It’s slightly shocking to learn that only 47% of organizations have a formal CSO/CISO role. As security breaches continue to be a major business issue, one would think that targeted and skilled senior security executives would be prevalent at all organizations; however our 2017 Security Priorities study proved otherwise. The role is widely seen among enterprise organizations (organizations with 1,000+ employees) with 66% stating they have a CSO/CISO, while only 24% of SMB organizations (organizations with <1,000 employees) agree. This brings up the question – how is security managed in organizations, especially among different sized companies?
Our research examined how the security function is handled at various organizations – in terms of having either a standalone security department, or one department where IT and security are managed together. Close to half (42%) of enterprise organizations said that their security department is separate from IT, while only 15% of SMB organizations reported to have this structure. The majority (85%) of SMBs said that their IT and security departments are managed together, which may explain the low percentage of SMBs that have a top security executive. Nonetheless, SMBs are subject to many of the same security regulations and security demands of their business partners that their enterprise counterparts are; which may drive an adoption of security leaders in those SMB businesses.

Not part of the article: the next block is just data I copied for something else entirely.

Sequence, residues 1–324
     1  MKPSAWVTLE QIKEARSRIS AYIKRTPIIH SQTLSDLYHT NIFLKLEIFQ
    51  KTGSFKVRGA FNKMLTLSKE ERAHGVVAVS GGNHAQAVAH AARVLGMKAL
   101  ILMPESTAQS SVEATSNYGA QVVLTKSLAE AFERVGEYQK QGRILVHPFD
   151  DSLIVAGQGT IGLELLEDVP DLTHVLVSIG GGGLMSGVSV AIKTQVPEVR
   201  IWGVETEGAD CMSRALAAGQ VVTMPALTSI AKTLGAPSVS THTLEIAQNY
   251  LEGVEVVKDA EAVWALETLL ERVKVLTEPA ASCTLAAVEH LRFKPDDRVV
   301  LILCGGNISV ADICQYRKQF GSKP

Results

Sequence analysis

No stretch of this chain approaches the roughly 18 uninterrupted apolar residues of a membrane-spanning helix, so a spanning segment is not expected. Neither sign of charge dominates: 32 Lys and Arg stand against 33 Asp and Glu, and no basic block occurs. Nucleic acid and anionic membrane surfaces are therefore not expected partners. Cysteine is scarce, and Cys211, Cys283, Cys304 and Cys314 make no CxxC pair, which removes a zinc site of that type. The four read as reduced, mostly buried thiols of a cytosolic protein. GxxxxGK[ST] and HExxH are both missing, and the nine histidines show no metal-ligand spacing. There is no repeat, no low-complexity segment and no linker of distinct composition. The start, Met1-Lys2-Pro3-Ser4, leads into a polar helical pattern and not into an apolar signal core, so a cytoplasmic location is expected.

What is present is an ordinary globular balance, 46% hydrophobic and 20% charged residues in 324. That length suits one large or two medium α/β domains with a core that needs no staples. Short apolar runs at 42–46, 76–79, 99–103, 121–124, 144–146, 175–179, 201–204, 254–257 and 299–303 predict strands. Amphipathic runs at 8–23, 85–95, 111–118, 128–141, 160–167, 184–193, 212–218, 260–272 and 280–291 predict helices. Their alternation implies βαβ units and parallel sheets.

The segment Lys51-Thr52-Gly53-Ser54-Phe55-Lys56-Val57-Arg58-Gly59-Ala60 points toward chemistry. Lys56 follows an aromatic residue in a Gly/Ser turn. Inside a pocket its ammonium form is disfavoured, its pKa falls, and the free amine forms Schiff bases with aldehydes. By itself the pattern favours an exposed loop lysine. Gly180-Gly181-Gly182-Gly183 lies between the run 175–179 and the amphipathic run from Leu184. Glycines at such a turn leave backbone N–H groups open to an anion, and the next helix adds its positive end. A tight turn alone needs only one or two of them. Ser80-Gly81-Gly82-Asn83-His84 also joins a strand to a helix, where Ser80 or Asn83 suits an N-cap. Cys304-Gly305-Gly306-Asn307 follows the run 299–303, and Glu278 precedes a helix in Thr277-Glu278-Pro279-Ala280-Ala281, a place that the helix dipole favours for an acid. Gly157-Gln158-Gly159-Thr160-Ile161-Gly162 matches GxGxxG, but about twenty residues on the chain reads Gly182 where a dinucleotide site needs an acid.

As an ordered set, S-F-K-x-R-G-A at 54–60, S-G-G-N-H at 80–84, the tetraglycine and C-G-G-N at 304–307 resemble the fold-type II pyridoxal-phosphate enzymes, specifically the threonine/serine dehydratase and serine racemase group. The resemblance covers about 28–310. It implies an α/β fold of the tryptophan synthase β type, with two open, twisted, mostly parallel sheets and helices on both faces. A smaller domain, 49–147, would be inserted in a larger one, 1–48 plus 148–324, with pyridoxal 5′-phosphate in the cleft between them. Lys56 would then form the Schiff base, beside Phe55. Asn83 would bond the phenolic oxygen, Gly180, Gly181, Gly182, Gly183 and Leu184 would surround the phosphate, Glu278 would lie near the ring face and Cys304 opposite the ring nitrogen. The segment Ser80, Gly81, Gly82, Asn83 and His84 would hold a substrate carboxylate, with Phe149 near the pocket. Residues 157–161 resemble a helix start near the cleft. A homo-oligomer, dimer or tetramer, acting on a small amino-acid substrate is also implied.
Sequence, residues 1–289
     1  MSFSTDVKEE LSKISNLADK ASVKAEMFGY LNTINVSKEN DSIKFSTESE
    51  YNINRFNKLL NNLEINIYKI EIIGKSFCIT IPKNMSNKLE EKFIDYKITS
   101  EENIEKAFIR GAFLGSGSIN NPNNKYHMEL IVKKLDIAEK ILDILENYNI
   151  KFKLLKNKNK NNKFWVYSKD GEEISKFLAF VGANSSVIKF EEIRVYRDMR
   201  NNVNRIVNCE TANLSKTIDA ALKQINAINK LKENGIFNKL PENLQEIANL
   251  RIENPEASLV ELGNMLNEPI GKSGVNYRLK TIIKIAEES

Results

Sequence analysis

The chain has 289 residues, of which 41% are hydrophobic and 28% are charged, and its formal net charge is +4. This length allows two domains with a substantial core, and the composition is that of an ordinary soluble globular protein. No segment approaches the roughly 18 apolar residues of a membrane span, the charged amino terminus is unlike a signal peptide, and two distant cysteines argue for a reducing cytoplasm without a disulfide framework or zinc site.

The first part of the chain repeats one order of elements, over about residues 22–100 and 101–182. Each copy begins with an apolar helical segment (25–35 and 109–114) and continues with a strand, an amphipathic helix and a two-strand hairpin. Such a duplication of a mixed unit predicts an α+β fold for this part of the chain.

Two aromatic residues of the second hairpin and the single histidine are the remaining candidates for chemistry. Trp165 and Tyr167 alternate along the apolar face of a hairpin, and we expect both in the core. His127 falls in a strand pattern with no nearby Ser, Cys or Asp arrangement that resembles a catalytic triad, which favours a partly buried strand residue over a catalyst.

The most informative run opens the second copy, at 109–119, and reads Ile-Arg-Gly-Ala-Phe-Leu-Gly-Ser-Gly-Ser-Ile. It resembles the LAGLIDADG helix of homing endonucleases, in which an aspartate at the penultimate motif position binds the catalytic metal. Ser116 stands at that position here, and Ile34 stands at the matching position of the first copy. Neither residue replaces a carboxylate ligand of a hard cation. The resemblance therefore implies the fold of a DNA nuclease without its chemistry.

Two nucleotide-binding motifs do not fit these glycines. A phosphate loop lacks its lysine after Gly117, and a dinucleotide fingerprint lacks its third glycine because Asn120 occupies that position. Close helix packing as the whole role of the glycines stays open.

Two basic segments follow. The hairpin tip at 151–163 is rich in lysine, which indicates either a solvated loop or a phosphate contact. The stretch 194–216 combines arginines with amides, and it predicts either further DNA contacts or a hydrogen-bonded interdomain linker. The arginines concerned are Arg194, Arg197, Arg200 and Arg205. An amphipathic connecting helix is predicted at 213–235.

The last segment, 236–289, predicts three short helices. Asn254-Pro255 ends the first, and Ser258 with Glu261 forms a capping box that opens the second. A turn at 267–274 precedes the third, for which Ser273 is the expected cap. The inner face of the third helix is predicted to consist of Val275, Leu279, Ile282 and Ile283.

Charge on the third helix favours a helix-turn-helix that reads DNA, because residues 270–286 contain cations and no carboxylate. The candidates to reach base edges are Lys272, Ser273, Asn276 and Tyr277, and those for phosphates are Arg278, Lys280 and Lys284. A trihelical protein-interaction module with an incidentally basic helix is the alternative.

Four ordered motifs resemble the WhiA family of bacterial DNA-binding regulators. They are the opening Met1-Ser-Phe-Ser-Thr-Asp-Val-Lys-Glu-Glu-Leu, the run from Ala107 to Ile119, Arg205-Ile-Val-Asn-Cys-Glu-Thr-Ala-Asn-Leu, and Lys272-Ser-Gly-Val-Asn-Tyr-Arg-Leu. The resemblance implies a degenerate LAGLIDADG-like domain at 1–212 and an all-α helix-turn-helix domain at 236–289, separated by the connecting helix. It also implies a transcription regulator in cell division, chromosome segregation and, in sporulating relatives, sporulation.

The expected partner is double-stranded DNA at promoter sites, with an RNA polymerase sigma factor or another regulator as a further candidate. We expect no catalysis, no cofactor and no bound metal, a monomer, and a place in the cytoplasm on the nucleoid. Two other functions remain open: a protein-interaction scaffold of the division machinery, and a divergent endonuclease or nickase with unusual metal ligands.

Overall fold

It’s also interesting to note that both enterprise and SMB organizations are involved in IT security and physical security decisions; however enterprises are more focused on IT security only decisions.
So who holds significant responsibility in the security areas organizations are investing in? Enterprise organizations are more likely to report that their IT security department has responsibility in the majority of security solutions, while the IT department is more involved among SMB organizations.
While being responsible for security decisions, security executives find themselves having to take time away from these strategic tasks and planning in order to deal with daily unexpected, challenges. Top issues that are stealing time away from security decision-makers include cyber threats from outside the organization (31%), budgetary constraints/demonstrating ROI (28%), meeting governance and compliance regulations (28%), and employee awareness and cooperation issues (27%). These challenges do not vary significantly by company size except for the fact that enterprises find more trouble around meeting governance and compliance regulations, while SMBs find that employee awareness and outside threats are stealing more time away from their strategic goals.
Despite the differences in strategy and structure, security is on the minds of all IT and security executives. There may be alternate roads that lead to security success, but both enterprise and SMB organizations have guidelines in place, executives to oversee practices and investments in security technologies to ensure their organization is protected. However, enterprise organizations are laying out the groundwork that SMBs must follow in the future in order to stay on top of threats and tackle challenges.
Interested in learning more about security structure? Register to download the executive summary “The Architecture of Security: Understanding the Role & Strategy” below.